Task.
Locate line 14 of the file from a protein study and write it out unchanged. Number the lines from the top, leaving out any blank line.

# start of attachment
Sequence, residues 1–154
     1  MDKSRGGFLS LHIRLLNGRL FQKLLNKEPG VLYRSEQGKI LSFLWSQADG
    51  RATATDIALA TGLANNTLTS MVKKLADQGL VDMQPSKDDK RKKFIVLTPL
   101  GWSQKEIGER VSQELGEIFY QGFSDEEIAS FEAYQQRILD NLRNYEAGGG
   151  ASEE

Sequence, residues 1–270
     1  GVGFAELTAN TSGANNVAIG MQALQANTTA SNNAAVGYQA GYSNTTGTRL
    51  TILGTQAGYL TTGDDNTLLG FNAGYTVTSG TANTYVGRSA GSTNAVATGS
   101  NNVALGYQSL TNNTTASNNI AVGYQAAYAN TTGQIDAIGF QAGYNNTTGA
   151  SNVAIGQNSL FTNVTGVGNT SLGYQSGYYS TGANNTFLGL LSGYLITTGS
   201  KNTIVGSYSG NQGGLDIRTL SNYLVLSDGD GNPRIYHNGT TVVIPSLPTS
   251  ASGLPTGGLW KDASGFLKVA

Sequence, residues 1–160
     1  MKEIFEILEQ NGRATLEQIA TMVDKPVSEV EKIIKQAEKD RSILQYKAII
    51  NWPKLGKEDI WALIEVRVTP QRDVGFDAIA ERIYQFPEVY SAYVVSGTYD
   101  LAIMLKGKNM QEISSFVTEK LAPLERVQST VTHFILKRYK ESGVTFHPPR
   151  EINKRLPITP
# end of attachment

     1  MKEIFEILEQ NGRATLEQIA TMVDKPVSEV EKIIKQAEKD RSILQYKAII